• Jun 16th 2013, 09:58 AM
I-Think
I have a set $\displaystyle S\subset{\mathbb{Q}}$ that is closed under addition and multiplication. Additionally, for any $\displaystyle r\in{\mathbb{Q}}$, one of the three is true
$\displaystyle r\in{S}, -r\in{S}, r=0$

I have to prove that all positive integers are in $\displaystyle S$.
So I assume there exists a positive integer $\displaystyle z\not\in{S}$, hence $\displaystyle -z\in{S}$.
Not sure which direction to go in to get the contradiction.
• Jun 16th 2013, 10:39 AM
Plato
Quote:

Originally Posted by I-Think
I have a set $\displaystyle S\subset{\mathbb{Q}}$ that is closed under addition and multiplication. Additionally, for any $\displaystyle r\in{\mathbb{Q}}$, one of the three is true $\displaystyle r\in{S}, -r\in{S}, r=0$

If you can show that $\displaystyle 1\in S$ then you are done because $\displaystyle S$ is closed by addition.

You know that $\displaystyle 1\ne 0$. So if $\displaystyle 1\notin S$ then $\displaystyle -1\in S$.

What is $\displaystyle (-1)(-1)~?$. What is the contradiction there?
• Jul 9th 2013, 05:55 AM
HallsofIvy
Quote:

Originally Posted by I-Think
I have a set $\displaystyle S\subset{\mathbb{Q}}$ that is closed under addition and multiplication. Additionally, for any $\displaystyle r\in{\mathbb{Q}}$, one of the three is true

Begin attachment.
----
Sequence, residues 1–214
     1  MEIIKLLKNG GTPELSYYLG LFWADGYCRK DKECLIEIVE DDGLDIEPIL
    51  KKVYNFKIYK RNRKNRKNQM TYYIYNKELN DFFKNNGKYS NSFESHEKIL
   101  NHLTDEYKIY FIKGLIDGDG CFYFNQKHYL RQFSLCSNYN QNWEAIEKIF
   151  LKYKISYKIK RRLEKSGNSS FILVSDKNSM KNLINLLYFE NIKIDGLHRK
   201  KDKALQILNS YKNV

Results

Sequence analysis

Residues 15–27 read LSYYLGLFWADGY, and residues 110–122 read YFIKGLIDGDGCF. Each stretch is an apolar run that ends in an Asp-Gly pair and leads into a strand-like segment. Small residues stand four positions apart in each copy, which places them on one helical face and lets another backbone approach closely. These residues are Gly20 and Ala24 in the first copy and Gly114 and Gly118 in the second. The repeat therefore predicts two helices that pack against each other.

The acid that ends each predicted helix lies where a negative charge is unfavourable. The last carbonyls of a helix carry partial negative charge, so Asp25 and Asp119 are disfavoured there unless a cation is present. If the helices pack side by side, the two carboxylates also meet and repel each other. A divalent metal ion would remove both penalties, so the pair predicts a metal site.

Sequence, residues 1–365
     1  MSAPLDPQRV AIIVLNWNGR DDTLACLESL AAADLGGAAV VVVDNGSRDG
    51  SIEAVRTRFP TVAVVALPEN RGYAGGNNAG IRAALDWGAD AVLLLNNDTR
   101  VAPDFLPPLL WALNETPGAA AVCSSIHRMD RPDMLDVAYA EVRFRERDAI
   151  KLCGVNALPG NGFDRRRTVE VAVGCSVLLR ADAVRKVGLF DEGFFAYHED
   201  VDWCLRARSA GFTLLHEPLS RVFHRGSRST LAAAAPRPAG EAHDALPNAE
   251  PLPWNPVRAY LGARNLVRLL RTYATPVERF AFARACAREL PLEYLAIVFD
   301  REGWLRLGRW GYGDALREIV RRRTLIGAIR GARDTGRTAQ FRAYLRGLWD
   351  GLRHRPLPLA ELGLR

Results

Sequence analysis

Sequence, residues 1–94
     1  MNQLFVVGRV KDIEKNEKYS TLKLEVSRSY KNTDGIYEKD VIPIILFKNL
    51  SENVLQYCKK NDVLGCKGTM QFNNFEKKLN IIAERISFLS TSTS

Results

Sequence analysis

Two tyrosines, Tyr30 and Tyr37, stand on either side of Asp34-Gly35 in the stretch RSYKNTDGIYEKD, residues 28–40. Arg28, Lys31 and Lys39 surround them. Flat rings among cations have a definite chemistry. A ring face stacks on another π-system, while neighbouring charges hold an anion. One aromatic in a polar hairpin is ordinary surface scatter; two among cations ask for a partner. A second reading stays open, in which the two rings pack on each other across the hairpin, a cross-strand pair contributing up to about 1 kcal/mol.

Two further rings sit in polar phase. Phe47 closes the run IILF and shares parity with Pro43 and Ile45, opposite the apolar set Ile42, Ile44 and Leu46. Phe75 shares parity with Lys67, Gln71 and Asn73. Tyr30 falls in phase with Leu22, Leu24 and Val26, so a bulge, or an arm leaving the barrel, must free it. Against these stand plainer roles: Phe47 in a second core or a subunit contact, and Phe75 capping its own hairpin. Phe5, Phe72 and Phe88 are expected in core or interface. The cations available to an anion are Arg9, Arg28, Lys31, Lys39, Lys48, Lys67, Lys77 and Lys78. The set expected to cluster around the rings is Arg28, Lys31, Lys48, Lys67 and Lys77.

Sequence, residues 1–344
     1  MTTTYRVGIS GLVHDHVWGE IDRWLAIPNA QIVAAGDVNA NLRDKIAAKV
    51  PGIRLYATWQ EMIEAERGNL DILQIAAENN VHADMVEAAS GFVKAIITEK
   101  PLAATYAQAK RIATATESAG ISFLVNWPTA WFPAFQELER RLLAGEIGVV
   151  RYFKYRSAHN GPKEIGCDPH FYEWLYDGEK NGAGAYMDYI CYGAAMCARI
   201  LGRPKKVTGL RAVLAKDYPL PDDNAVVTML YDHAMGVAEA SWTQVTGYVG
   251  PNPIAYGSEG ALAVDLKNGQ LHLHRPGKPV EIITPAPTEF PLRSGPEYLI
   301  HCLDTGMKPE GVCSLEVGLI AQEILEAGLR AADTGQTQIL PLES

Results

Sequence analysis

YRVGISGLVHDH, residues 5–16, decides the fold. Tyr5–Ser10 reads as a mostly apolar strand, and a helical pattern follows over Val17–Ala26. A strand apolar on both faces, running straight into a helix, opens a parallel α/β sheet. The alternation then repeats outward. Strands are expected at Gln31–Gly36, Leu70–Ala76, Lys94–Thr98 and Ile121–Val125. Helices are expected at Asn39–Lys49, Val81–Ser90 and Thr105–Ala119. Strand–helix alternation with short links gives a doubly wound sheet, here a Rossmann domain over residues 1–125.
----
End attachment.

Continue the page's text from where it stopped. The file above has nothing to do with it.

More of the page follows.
$\displaystyle r\in{S}, -r\in{S}, r=0$

I have to prove that all positive integers are in $\displaystyle S$.
So I assume there exists a positive integer $\displaystyle z\not\in{S}$, hence $\displaystyle -z\in{S}$.
Not sure which direction to go in to get the contradiction.

You can't prove it. It is not true.
For example S= {0} satisfies all of the conditions but does not include all of the integers.

You need some additional condition, perhaps the "1 in S" that Plato suggested.
• Jul 9th 2013, 12:15 PM
emakarov
Quote:

Originally Posted by I-Think
Additionally, for any $\displaystyle r\in{\mathbb{Q}}$, one of the three is true
$\displaystyle r\in{S}, -r\in{S}, r=0$

Quote:

Originally Posted by HallsofIvy
For example S= {0} satisfies all of the conditions but does not include all of the integers.

I don't think S = {0} satisfies $\displaystyle \forall r\in\mathbb{Q}.\,r\ne0\to r\in S\lor -r\in S$.
• Jul 9th 2013, 03:12 PM
HallsofIvy
I don't think S = {0} satisfies $\displaystyle \forall r\in\mathbb{Q}.\,r\ne0\to r\in S\lor -r\in S$.
You are right. I was thinking the condition was "$\displaystyle r\in S$".